Switch to Accessible Site

Postpartum Depression and Anxiety- You’re Not Alone.

Postpartum Depression and Anxiety

Many expect that after giving birth a new mom should feel overjoyed, as this is the happiest time in their lives. But what happens this isn’t the case? What happens when a new mom secretly asks herself, “Why don’t I feel like holding my baby?” and “I feel like I’m going crazy.” or even “Why am I having thoughts of hurting my baby?”

According to the American Psychological Association an estimated 9-16 % of postpartum women will experience Postpartum Depression. Among second time mothers who have already experienced postpartum depression some estimates increase to 41%. Those statistics are staggering! That means that a lot of women experience postpartum depression. But what are the symptoms?

For mothers, postpartum depression can affect their ability to function in everyday life. Symptoms include:

  • a loss of pleasure or interest in life,
  • loss of energy
  • problems sleeping, even when your baby is sleeping
  • feelings irritable, anxious or worried
  • withdrawing from family and friends,
  • crying, and for some,
  • thoughts of hurting oneself or one’s child;

Most have feelings of anxiety, guilt, self blame, and fear. Some women have trouble meeting their infants care needs. These symptoms can be problematic because mothers are expected to attend immediately and constantly to their infants. Family roles, work roles and relationships are all redefined when a new baby arrives.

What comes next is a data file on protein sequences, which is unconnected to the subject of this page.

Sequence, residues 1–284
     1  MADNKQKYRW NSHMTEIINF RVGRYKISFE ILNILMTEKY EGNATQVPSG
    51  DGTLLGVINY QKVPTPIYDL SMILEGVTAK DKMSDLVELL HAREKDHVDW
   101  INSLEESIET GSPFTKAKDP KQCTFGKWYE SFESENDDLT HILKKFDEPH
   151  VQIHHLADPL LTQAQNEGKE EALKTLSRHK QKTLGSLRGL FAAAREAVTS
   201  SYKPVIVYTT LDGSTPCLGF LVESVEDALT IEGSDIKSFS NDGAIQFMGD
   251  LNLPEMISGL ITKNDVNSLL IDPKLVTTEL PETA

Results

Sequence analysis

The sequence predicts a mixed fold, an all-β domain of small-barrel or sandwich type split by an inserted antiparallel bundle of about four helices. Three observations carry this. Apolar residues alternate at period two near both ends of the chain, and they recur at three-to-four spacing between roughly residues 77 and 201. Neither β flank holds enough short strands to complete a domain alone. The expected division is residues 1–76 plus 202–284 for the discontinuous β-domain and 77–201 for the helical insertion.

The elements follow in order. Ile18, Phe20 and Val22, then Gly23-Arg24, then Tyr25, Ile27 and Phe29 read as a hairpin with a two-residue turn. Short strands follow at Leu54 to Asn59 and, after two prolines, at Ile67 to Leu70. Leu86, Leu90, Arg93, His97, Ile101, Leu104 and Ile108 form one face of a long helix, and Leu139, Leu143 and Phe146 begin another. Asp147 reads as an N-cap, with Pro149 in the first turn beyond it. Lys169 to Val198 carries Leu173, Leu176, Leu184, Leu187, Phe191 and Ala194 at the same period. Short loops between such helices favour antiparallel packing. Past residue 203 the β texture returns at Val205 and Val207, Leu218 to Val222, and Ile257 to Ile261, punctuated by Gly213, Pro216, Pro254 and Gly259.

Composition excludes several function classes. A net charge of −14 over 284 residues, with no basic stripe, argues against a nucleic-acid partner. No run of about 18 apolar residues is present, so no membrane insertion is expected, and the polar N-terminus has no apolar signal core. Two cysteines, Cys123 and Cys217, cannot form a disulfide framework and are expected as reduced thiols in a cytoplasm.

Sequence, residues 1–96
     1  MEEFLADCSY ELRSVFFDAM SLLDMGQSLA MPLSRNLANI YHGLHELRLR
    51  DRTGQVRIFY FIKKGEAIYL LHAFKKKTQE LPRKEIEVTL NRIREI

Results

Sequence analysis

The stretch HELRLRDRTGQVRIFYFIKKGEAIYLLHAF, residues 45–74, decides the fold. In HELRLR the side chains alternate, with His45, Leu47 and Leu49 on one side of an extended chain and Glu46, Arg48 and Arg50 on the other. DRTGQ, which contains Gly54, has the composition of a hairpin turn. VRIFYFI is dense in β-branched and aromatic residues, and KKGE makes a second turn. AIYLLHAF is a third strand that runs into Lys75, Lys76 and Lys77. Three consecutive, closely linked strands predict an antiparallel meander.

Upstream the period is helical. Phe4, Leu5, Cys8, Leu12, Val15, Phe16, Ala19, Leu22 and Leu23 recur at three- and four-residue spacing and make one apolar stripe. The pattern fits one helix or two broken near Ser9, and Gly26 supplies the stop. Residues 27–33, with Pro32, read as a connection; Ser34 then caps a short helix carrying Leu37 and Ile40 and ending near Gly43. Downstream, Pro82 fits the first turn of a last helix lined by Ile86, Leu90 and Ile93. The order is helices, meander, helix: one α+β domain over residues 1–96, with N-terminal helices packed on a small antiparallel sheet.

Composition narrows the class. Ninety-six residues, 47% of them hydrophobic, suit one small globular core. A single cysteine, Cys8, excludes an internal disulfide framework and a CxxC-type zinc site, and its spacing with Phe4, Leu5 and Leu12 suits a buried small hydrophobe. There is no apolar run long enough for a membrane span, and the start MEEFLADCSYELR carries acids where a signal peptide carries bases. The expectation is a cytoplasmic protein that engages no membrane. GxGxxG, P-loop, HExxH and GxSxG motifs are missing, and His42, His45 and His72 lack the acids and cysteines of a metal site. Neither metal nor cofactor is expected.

• An extreme form of Postpartum Depression is Postpartum Psychosis. These symptoms include:
  • Feeling removed from your baby, other people or your surroundings
  • Extreme confusion, disorganized thinking
  • Drastic changes in mood or bizarre behavior
  • Extreme agitation or restlessness.
  • Hallucinations
  • Delusions or thinking that isn’t based in reality

Children of mothers with postpartum depression can become withdrawn, irritable, or inconsolable making it even harder for these moms to care for them. Later some children can display problems attaching to their parents, have behavioral or developmental problems.  Believe it or not, fathers can also be depressed in the postpartum period, especially if the mother is depressed or if life after baby is dissatisfying.

What causes postpartum depression?

Hormone changes during pregnancy can make some women depressed.

A previous experience of depression and anxiety, a personal or family history of depression, marital dysfunction, stressful events and being a young mother are other factors that can cause postpartum depression.

What can you do about it?

1. Tell someone how you are feeling. It’s critical to have those around you understand your feeling so they can give you support. Even if this is just a few minutes alone to relax or take a bath.

2. Talk to your doctor about what’s happening. They can suggest some resources to help you such as reading or professional support.

3. Talk to other moms! You’d be surprised how many women share similar feelings or know someone who has.

Know that you don’t have to face this alone. For more resources, search The American Psychological Association www.apa.org under the topic Postpartum Depression.